Once an individual has detoxed alcohol from their body, they should enter into a rehabilitation program. This is true for any individual with an AUD, no mater what stage they begin treatment. Detox, alone, does not treat an addiction. It is important to recognize that recovery can be a long-term process that might include relapses and multiple treatment attempts.
Today Jellinek’s contributions should not be used to completely determine if an individual’s addiction is bad enough for treatment but instead as an educational and motivational tool.
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Long Term Health Problems
As an AUD progresses, there is a higher probability that negative outcomes will occur. Alcohol travels from the stomach through the bloodstream which limits the liver’s ability to process alcohol. This directly affects the brain’s neurons which can cause long-term health problems. There are at least 60 different health issues linked to the overconsumption of alcohol.
Several types of cancer are associated with alcohol abuse. In fact, The Department of Health And Human services lists alcoholic beverages as a known human carcinogen. The risk of getting mouth, throat, esophagus, liver, or breast cancer increases the more a person drinks. Other long term health problems include brain damage, cardiovascular disease, and pancreatitis.
The Myth Of Rock Bottom
It is commonly believed that a person’s AUD is not bad enough for treatment until they have “hit rock bottom.” This concept perpetuates the idea that reaching one’s lowest point is the only way to motivate recovery. For some, this is true but using it as an across-the-board indicator is tricky because rock bottom looks different for everyone.
Even though the pure desperation that comes with rock bottom can help some, waiting to be at an all-time-low is generally not recommended. Things do not have to get worse before they get better and treating an AUD is much easier in the early stages of an addiction. Many of those struggling with an AUD use the concept of rock bottom as an excuse to delay treatment which can cause more harmful consequences in the long run. Consequences, such as long-term health problems, deterioration of relationships, alcohol-related injuries, and even loss of life are more likely to occur the longer a person abuses alcohol.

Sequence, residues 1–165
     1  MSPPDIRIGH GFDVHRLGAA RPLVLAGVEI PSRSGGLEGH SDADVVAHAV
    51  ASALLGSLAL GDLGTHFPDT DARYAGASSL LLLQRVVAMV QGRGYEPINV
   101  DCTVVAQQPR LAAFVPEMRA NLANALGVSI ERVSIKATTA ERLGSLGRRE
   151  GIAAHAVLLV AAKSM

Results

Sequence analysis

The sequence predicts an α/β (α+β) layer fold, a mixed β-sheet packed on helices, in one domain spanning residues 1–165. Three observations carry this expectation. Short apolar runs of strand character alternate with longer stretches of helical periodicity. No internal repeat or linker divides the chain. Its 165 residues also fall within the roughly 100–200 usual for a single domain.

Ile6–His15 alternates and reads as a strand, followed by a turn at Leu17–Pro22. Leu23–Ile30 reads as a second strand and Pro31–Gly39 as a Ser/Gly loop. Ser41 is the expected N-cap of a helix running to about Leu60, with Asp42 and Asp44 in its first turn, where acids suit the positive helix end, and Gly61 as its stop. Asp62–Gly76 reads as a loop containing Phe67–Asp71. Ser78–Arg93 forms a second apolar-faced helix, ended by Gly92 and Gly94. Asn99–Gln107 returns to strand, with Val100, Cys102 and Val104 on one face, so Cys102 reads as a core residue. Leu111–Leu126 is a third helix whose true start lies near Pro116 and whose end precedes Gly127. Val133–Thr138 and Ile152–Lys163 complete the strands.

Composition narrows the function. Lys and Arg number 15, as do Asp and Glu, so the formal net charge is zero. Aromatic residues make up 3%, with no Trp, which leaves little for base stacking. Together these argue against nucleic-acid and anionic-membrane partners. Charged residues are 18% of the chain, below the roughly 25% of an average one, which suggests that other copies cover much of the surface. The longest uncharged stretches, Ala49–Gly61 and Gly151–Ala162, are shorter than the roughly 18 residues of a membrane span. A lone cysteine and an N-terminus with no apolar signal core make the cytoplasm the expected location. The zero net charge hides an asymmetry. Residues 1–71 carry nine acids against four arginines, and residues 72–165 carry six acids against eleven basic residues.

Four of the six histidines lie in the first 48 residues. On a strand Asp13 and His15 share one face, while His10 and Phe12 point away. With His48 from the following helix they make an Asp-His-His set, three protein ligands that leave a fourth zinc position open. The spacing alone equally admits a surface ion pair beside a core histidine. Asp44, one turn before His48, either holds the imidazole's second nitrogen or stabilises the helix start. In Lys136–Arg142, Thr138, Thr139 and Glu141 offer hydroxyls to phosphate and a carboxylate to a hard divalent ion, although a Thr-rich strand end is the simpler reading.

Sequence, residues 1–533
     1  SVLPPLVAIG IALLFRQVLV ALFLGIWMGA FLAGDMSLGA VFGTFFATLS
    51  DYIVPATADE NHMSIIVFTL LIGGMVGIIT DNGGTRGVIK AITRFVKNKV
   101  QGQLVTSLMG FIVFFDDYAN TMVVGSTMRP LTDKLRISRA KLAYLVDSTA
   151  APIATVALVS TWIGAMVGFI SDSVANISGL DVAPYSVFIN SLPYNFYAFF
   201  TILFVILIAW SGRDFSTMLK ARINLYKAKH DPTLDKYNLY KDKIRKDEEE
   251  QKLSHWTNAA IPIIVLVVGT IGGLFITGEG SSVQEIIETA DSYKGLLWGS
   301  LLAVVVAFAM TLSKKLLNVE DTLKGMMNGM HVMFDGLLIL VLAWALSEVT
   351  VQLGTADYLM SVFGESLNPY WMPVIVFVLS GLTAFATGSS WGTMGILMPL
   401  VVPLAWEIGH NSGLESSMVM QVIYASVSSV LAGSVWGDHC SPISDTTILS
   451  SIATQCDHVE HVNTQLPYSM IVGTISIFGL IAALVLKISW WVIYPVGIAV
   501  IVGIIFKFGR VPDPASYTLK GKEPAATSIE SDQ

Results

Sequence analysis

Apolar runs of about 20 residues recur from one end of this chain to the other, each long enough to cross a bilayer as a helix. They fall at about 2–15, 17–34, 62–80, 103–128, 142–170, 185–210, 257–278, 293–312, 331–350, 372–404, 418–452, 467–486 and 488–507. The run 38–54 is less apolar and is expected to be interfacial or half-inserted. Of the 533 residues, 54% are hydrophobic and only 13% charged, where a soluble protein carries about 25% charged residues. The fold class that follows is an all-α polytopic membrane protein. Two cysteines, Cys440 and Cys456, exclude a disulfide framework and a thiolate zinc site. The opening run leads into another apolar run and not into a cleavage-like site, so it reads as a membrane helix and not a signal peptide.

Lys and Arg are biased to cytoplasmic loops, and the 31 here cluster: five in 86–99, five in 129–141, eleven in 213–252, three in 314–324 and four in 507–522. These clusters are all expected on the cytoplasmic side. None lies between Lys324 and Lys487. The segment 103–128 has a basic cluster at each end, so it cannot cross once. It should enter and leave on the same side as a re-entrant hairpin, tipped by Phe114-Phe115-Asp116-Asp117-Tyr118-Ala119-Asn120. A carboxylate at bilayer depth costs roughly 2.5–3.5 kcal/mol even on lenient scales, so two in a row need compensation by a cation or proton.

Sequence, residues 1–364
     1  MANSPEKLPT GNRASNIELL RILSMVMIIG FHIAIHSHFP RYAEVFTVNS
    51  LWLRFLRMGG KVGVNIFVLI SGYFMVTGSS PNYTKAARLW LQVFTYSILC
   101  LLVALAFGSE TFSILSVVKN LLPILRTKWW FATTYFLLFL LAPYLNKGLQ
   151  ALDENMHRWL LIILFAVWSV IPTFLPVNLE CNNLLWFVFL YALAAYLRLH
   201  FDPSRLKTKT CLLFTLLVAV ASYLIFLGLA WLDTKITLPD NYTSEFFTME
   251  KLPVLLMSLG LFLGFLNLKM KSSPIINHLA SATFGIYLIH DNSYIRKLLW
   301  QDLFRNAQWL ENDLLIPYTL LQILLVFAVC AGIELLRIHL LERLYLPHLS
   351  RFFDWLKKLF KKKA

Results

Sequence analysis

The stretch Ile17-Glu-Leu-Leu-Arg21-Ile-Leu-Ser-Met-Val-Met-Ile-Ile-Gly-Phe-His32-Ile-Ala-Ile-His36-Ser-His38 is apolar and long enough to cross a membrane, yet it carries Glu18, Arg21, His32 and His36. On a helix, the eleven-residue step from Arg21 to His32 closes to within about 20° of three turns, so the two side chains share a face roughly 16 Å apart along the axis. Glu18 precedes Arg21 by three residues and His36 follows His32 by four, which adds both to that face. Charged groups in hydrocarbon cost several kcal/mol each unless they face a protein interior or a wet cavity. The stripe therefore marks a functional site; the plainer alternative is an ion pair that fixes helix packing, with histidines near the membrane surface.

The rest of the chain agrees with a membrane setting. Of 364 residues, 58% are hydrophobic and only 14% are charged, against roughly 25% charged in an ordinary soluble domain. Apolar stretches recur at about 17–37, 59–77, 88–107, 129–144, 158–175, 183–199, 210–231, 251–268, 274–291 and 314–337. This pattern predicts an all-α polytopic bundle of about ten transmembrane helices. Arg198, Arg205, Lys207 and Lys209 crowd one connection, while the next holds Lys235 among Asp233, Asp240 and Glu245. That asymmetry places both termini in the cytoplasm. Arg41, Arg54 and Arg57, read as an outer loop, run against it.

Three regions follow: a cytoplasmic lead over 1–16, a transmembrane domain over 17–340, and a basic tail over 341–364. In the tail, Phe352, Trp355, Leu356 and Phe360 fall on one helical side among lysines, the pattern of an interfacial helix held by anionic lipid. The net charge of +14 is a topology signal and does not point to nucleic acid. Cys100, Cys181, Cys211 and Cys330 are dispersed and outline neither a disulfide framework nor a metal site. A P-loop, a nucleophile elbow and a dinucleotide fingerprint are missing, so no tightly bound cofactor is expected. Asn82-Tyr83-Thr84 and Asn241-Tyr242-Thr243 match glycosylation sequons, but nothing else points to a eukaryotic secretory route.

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Determining The Severity Of An Addiction
There is no true method for establishing if a person’s addiction is bad enough for treatment. The only way to know if an addiction is bad enough for treatment is by evaluating the control alcohol has over an individual’s life and if they are ready to admit that they need help. Treatment is possible for anyone with an addiction regardless of the severity of their use or consequences. There may be more barriers to recovery if a person has been in active addiction for a longer period of time, but it is still very possible. Alcohol is the third-leading preventable cause of death in the US. Fatal outcomes can be prevented at any stage of an addiction. It is not necessary to wait to seek treatment until an addiction is bad enough because there is always an opportunity for hope and change.
If you would like more information on addiction and the treatment process, contact a treatment provider today.